Israel's next government, taking office in 2020, will have to make adjustments to the state budget (either spending cuts or tax hikes) to the tune of NIS 5.3 billion, the Ministry of Finance estimates in a three-year budget forecast to be presented to the government today. This amount is almost certain to grow, however, because of exigencies not included in it, chiefly the cost of forming a future government, given that the next election will take place in November 2019 at the latest. Other items that the Ministry of Finance has not taken into account are the cost of expanding the Buyer Price housing program, purchases of additional rolling stock by Israel Railways, paving of additional public transport lanes and a rise in the public transport subsidy, a NIS 700 million grant to Intel for expansion of its Kiryat Gat fab, and the cost of staging the Eurovision Song Contest, due to take place in Israel in May 2019.
The Ministry of Finance is presenting updated budget framework forecasts for 2020, 2021, and 2022 to the government today. They incorporate a new mechanism introduced following the passage of the "numerator law" which prevents the government making any decision with future budgetary consequences unless a budget source covering the planned expenditure is assured. The Ministry of Finance updates its projection twice a year, in June and November, and presents it to the government. The calculations take into account all government spending commitments, whether arising from government decisions, laws, agreements, legal rulings, or budgetary agreements between the Ministry of Finance and other ministries, but not spending to which there is as yet no commitment, even if it is almost certain to be incurred. The current update includes NIS 100 million for holocaust survivors, and a similar amount for connecting factories to the natural gas network.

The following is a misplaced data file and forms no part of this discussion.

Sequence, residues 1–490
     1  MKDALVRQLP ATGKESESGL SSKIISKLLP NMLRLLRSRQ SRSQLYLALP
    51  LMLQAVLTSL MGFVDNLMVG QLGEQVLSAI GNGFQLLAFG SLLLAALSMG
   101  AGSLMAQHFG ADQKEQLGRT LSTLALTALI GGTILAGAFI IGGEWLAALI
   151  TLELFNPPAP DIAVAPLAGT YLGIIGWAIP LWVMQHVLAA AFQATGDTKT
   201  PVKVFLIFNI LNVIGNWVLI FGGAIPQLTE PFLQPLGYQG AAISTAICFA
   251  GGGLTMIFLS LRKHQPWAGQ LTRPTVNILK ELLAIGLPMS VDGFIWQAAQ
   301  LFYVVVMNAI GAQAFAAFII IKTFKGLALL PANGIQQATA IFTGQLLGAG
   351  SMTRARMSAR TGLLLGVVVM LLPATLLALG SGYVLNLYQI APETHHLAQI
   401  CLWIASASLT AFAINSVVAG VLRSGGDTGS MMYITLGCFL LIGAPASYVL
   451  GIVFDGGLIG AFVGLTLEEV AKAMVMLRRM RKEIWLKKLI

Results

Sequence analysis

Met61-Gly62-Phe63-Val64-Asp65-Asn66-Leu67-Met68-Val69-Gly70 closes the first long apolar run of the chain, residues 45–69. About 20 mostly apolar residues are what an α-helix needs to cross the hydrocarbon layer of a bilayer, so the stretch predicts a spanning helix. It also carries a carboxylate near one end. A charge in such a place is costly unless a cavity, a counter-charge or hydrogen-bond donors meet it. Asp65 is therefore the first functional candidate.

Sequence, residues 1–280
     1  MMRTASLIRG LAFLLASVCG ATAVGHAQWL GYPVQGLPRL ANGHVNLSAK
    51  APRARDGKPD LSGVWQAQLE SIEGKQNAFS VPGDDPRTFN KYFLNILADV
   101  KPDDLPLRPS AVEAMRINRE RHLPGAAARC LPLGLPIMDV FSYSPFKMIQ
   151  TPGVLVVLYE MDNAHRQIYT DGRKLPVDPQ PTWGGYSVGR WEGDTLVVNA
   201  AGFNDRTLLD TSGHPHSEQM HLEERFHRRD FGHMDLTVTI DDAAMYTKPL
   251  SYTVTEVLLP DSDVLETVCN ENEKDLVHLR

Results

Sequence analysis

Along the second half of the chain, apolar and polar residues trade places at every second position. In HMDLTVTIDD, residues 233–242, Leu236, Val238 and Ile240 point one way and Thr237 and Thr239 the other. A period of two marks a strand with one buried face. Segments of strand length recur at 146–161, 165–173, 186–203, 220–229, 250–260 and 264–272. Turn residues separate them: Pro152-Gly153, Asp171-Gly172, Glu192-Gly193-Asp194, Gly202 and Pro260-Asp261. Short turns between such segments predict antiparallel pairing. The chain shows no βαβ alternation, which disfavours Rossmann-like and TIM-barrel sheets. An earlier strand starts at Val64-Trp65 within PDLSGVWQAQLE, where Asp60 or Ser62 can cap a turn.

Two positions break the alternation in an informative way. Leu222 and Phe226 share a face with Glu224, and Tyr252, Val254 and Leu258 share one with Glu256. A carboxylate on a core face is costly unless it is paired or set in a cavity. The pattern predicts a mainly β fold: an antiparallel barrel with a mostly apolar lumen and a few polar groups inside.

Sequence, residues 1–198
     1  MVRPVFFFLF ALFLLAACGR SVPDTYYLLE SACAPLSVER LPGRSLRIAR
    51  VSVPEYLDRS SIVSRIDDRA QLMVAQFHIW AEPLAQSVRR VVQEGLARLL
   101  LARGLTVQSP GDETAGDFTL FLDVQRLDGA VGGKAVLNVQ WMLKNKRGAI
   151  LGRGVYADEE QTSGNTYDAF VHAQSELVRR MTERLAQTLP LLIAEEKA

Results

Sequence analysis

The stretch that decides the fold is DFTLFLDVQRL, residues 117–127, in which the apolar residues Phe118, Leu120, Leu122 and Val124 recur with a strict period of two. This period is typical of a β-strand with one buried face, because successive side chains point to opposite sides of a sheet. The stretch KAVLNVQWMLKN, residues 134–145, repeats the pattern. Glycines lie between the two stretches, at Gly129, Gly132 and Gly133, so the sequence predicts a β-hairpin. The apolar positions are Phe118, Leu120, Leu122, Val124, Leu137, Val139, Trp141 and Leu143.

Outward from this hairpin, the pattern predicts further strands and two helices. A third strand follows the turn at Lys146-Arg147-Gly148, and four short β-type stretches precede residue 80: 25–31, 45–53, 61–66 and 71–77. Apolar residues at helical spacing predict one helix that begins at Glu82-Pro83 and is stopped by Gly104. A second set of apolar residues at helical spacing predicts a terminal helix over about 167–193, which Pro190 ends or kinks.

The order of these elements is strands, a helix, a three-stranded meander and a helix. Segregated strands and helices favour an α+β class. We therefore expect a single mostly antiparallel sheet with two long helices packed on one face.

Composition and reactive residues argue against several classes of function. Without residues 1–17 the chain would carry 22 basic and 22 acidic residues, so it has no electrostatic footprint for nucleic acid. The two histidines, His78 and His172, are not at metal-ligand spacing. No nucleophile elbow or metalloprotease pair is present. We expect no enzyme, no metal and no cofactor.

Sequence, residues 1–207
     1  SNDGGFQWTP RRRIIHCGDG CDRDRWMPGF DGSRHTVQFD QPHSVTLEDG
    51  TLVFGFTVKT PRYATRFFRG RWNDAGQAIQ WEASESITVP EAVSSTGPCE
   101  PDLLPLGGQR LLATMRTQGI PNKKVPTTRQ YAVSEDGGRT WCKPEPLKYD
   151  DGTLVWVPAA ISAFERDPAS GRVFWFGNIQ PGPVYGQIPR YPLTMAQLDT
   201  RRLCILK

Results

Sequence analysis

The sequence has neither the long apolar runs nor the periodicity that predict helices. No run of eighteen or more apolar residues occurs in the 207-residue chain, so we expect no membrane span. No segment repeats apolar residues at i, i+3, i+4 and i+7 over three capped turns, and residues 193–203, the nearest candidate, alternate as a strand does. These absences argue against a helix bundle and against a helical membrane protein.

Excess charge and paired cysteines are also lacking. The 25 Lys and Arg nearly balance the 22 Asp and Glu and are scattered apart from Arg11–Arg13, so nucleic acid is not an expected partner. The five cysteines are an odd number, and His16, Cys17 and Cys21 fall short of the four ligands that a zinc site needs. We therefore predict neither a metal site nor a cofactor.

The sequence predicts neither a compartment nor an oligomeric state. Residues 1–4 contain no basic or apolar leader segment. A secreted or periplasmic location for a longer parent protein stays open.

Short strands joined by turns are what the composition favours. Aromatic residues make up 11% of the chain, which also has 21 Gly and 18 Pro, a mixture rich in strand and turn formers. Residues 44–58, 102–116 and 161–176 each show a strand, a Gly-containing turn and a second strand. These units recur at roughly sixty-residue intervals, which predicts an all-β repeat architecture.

The macro-economic forecast appended to the update shows the annual rate of inflation in Israel remaining below 2% until 2022. The forecast states that "the rate of inflation will converge on the middle of the target range towards end of the multi-year plan period (2022)." The government's inflation target range is 1-3%. The Ministry of Finance has also revised upwards the expected economic growth rate for 2018 from 3.2% to 3.5%, "in the light of positive developments in investment, private consumption, and exports." On investment, the Ministry of Finance cites new investment in development of natural gas reservoirs, presumably referring to the recently approved development plans for the Karish and Tanin reservoirs, and Intel's new investment program for its Kiryat Gat fab, also approved recently. The Ministry of Finance points out that its revised forecast does not include the prospect of gas exports, even though the export of gas to Jordan is due to begin in 2020 - this event will mean a further upward revision of the economic growth forecast.
Published by Globes [online], Israel business news - www.globes-online.com - on June 10, 2018
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